N.J. Constitutional Convention: Vol. 4, Page 356

Wednesday, July 9, 1947 (Morning session)

bench and bar to decide that question. The day following the announcement of the membership of the Judiciary Committee, the Newark Evening News said (reading):

"Theory behind naming five laymen to the judicial committee was obviously intended to have the group function independently of the courts, but how the selection will be accepted by members of the bar became a major point of speculation as soon as the names were announced. There were many lawyers among the delegates who wanted to have a hand in drafting the judicial article."

The following day the Newark Evening News found it necessary to write an editorial apologizing for the presence of laymen on this committee.

Although I have the highest regard for our New Jersey bench, and for my colleagues at the bar, I respectfully submit that the Judiciary Committee and the Constitutional Convention should not arrive at its decision on the basis of a poll of the members of the bar, and solely on the testimony of judges and lawyers, no matter how eminent and eloquent. This question is much more important to the public than it is to the lawyers. The lawyers have gotten along very well with the present system for almost two centuries, and it won't hurt them one bit if it continues. That is why one cannot depend too heavily on the opinion of the lawyers. As Professor Borchard says in his Declaratory Judgments, a recent book (Second Edition, page vii): "The simplification of procedure is not as insistently demanded by judges and practitioners as it ought to be by litigants who pay the price of obstructive technicalities."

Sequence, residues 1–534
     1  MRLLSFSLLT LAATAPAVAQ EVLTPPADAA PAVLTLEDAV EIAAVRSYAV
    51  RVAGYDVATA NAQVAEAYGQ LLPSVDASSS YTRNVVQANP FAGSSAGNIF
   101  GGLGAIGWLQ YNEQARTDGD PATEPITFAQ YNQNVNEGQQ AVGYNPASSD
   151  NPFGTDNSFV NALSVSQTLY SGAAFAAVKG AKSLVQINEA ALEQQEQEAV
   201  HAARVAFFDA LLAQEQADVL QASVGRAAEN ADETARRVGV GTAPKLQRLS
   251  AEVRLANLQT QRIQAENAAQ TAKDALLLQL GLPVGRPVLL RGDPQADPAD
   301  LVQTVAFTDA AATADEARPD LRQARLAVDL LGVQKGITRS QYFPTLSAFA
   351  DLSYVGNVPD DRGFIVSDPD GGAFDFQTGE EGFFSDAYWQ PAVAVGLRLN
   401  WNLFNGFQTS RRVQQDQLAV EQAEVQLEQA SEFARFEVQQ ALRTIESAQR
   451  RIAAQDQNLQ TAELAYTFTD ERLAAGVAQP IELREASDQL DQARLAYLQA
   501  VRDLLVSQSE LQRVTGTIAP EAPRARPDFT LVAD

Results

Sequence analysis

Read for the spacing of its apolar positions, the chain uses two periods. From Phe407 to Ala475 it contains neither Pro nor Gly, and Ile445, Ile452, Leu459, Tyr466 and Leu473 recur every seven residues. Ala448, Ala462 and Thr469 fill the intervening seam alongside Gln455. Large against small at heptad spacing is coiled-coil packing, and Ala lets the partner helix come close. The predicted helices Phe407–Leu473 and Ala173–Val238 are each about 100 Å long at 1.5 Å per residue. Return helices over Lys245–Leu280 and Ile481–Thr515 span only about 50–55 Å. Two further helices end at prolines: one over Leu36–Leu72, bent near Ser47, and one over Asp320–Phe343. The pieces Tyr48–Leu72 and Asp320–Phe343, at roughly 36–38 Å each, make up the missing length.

Professor Borchard goes on to speak of "the many obstructions to the administration of justice which the current legal system incorporates and tolerates," and he says (reading):

"These obstructions are cherished by many judges and lawyers as indigenous to the system and to the judicial process. They are inclined to forget that both Bench and Bar are merely servants of the people, the better to enable the administration of justice to be accomplished.

This lack of social perspective accounts for the inhospitality of certain judges, if not of the system itself, to the simplification of procedure ...

New Jersey by its persistent refusal to break down the separate administration of law and equity, is a flagrant example of this denial of justice. The poor glazier in Moresh v O'Regan was in the New Jersey courts for four trials and appeals before he could establish the simple fact that he was not subject to the requirements of the insurance law."

Professor Borchard continues:

"Procedure should be the 'handmaid of justice,' a means to an end. Instead, in all mature legal systems cultivated by a professional guild, from the earliest to the latest, procedure tends to become rigid, stereotyped, and over-technical, an end in itself, often seemingly oblivious to the practical needs of those to whose ills it is designed to minister. Litigants thus often become pawns in a game, the social cost of which is excessive and the result of which is frequently unnecessarily cumbersome and socially undesirable. Substantive rights often become the incidents of procedural fencing." (Page xiii)

"To meet this criticism, all systems have periodically undertaken re-

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